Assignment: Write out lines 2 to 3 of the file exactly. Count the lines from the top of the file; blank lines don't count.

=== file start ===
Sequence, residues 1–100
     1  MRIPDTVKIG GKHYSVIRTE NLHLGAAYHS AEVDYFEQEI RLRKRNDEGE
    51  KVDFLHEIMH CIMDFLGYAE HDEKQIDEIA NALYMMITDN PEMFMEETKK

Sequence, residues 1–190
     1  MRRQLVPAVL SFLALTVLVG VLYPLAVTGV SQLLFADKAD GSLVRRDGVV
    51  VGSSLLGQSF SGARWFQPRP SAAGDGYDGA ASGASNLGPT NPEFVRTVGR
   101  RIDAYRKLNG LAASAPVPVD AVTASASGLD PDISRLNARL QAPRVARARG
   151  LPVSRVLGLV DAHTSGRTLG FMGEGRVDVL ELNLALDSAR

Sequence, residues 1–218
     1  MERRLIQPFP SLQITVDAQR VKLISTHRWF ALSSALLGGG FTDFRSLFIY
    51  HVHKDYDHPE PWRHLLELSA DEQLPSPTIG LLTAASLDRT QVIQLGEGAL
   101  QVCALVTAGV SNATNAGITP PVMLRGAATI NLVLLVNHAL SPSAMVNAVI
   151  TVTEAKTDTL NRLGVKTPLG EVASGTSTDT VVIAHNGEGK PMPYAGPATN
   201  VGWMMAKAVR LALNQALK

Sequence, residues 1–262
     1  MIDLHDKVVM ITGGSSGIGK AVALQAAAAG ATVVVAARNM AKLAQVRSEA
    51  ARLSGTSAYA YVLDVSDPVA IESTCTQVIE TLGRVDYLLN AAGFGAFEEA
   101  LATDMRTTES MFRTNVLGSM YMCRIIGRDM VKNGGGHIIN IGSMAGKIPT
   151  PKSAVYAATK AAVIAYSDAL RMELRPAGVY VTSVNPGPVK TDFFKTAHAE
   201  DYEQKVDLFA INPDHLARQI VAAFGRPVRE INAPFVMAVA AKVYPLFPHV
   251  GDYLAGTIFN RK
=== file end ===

     1  MRIPDTVKIG GKHYSVIRTE NLHLGAAYHS AEVDYFEQEI RLRKRNDEGE
    51  KVDFLHEIMH CIMDFLGYAE HDEKQIDEIA NALYMMITDN PEMFMEETKK